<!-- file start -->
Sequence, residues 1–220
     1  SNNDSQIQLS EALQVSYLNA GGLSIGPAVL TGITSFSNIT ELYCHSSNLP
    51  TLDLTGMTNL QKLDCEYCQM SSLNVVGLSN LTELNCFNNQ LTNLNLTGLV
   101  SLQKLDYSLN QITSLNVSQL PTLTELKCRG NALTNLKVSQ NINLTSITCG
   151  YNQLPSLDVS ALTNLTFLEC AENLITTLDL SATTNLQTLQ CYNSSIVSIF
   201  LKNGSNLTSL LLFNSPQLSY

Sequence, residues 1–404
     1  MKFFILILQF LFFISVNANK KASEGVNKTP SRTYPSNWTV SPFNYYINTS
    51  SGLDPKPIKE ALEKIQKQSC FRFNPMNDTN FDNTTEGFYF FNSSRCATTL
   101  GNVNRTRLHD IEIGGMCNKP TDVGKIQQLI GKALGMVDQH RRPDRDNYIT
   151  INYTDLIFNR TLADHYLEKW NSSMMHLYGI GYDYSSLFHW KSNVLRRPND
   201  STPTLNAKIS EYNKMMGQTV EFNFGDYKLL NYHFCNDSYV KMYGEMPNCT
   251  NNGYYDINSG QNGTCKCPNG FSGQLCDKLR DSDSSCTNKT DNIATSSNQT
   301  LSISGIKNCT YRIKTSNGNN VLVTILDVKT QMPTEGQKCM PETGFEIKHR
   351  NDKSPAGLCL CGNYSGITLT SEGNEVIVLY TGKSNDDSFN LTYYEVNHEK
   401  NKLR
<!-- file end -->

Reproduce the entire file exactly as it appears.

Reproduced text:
Sequence, residues 1–220
     1  SNNDSQIQLS EALQVSYLNA GGLSIGPAVL TGITSFSNIT ELYCHSSNLP
    51  TLDLTGMTNL QKLDCEYCQM SSLNVVGLSN LTELNCFNNQ LTNLNLTGLV
   101  SLQKLDYSLN QITSLNVSQL PTLTELKCRG NALTNLKVSQ NINLTSITCG
   151  YNQLPSLDVS ALTNLTFLEC AENLITTLDL SATTNLQTLQ CYNSSIVSIF
   201  LKNGSNLTSL LLFNSPQLSY

Sequence, residues 1–404
     1  MKFFILILQF LFFISVNANK KASEGVNKTP SRTYPSNWTV SPFNYYINTS
    51  SGLDPKPIKE ALEKIQKQSC FRFNPMNDTN FDNTTEGFYF FNSSRCATTL
   101  GNVNRTRLHD IEIGGMCNKP TDVGKIQQLI GKALGMVDQH RRPDRDNYIT
   151  INYTDLIFNR TLADHYLEKW NSSMMHLYGI GYDYSSLFHW KSNVLRRPND
   201  STPTLNAKIS EYNKMMGQTV EFNFGDYKLL NYHFCNDSYV KMYGEMPNCT
   251  NNGYYDINSG QNGTCKCPNG FSGQLCDKLR DSDSSCTNKT DNIATSSNQT
   301  LSISGIKNCT YRIKTSNGNN VLVTILDVKT QMPTEGQKCM PETGFEIKHR
   351  NDKSPAGLCL CGNYSGITLT SEGNEVIVLY TGKSNDDSFN LTYYEVNHEK
   401  NKLR